I've enjoyed reading stories that I have followed for many years- Elsie, Ramona, Michelle, Stacey, Elisabeth, Cathy, Julie, Karen, and Karen, and lots of others (I hate writing these lists because I always forget someone important. I apologize in advance!).  It's been fun to connect with some new Colorado slicers- Tamara (I've actually known her for many years, but this is her first year of slicing), and Morgan. As always, I've loved getting to know some new folks- DaniLauren, Andrea, Mrs. Tice (I wonder what's wrong with me that after a month of commenting I can't tell you her first name!), Michelle, and  Art Teachers Do It For the Monet, who pushed my thinking every day, through my work on the Welcome Wagon. And I've missed a few people that didn't slice this year- Linda Baie and Nancy Hatcher (I can't find her link right now).

I didn't get as many comments this year as I have in other years.  Maybe it's because I sometimes wrote later in the day; I really prefer to write in the morning because that's when I write the best, but March has been really busy, and my early mornings, when I like to write, have been filled with writing "jobs" for work.  Perhaps,  my slices were too long, and people would open them and think, "I'm not reading all of that." Or maybe my posts just weren't all that interesting. I wondered, though,  whether people didn't understand the importance of comments as a way of building a writing community.  I know it was not because I wasn't commenting- I usually responded to about twenty slices a day- all my old favorites, my Welcome Wagon folks, and then five to ten others.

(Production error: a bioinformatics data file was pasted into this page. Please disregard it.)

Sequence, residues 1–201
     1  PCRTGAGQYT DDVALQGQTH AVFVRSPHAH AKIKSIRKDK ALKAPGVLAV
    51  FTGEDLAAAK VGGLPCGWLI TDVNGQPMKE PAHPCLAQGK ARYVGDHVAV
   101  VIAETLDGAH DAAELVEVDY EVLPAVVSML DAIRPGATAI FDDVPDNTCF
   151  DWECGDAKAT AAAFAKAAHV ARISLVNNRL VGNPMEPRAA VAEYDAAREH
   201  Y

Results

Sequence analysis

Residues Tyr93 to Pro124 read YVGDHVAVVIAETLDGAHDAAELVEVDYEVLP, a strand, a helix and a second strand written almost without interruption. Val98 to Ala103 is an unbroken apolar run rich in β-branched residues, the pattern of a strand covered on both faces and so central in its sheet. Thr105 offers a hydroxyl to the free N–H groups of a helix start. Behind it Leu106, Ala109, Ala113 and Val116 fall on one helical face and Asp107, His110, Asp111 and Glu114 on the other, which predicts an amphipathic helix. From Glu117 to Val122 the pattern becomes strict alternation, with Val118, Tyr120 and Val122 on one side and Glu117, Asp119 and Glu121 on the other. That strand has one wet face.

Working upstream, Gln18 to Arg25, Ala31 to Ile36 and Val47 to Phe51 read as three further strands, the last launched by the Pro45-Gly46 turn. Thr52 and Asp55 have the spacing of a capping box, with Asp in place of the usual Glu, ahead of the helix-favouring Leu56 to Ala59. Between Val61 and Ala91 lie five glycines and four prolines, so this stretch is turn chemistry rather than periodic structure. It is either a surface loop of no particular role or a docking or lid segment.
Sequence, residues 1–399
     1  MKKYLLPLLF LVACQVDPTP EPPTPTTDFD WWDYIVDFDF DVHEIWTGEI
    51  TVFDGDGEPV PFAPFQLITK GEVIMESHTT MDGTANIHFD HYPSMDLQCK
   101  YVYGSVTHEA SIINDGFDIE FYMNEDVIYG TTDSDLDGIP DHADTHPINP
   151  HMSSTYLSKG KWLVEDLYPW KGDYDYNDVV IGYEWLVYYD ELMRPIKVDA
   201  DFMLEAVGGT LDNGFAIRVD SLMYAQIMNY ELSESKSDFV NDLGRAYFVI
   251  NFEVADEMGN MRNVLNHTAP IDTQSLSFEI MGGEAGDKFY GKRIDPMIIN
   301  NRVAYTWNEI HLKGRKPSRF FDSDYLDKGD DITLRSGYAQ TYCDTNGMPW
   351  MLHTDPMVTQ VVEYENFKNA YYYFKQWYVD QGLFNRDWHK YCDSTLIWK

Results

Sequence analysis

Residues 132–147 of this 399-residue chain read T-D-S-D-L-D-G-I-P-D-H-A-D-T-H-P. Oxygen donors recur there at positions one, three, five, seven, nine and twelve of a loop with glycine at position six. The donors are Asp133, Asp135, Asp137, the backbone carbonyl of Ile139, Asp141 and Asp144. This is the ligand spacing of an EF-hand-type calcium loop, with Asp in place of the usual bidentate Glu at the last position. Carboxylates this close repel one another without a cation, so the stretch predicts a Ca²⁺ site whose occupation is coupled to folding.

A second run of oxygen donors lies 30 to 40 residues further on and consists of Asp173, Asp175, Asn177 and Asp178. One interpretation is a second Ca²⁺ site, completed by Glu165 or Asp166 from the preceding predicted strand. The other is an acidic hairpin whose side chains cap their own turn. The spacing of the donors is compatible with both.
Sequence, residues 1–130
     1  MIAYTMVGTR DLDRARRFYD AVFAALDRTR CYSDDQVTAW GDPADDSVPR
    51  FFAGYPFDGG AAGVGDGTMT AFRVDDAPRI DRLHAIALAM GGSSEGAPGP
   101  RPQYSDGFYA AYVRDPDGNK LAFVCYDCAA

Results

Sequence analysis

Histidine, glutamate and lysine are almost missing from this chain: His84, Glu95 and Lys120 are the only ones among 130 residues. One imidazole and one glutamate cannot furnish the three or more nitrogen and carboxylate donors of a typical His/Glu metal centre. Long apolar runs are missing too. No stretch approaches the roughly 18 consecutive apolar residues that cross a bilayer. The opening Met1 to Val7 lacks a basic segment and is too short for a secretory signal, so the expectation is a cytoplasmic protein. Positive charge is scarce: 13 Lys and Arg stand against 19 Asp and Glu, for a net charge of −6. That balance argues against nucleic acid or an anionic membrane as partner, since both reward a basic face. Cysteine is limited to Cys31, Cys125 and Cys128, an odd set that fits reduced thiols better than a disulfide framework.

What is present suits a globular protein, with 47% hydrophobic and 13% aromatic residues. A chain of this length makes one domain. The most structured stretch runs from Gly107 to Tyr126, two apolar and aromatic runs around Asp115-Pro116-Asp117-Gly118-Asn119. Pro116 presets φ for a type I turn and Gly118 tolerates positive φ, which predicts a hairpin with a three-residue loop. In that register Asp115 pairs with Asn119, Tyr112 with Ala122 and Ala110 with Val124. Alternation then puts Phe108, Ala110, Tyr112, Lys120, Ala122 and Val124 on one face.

I know this isn't goodbye. For several years, I have written poetry the entire month of April. I didn't do that last year and I was really sad all month, so I'm going to try to resume the tradition this year. Currently, I'm thinking about jumping in with Amy Ludwig VanDerWater, a fabulous children's poet, who has just written a new book, POEMS ARE TEACHERS, that I want to see if I can buy today.

And of course I will keep slicing on Tuesdays.

Until then…

Friday, March 30, 2018

SLICE #30- A very troubling morning